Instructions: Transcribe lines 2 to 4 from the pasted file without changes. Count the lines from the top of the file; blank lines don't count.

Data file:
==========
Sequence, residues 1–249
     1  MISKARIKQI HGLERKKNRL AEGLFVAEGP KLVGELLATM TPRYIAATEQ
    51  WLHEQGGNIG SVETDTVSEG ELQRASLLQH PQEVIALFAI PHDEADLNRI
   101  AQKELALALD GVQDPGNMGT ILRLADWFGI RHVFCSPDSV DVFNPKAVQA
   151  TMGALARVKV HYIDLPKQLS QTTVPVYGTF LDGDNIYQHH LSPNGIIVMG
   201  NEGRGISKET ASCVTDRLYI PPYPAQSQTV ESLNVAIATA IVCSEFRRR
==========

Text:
     1  MISKARIKQI HGLERKKNRL AEGLFVAEGP KLVGELLATM TPRYIAATEQ
    51  WLHEQGGNIG SVETDTVSEG ELQRASLLQH PQEVIALFAI PHDEADLNRI
   101  AQKELALALD GVQDPGNMGT ILRLADWFGI RHVFCSPDSV DVFNPKAVQA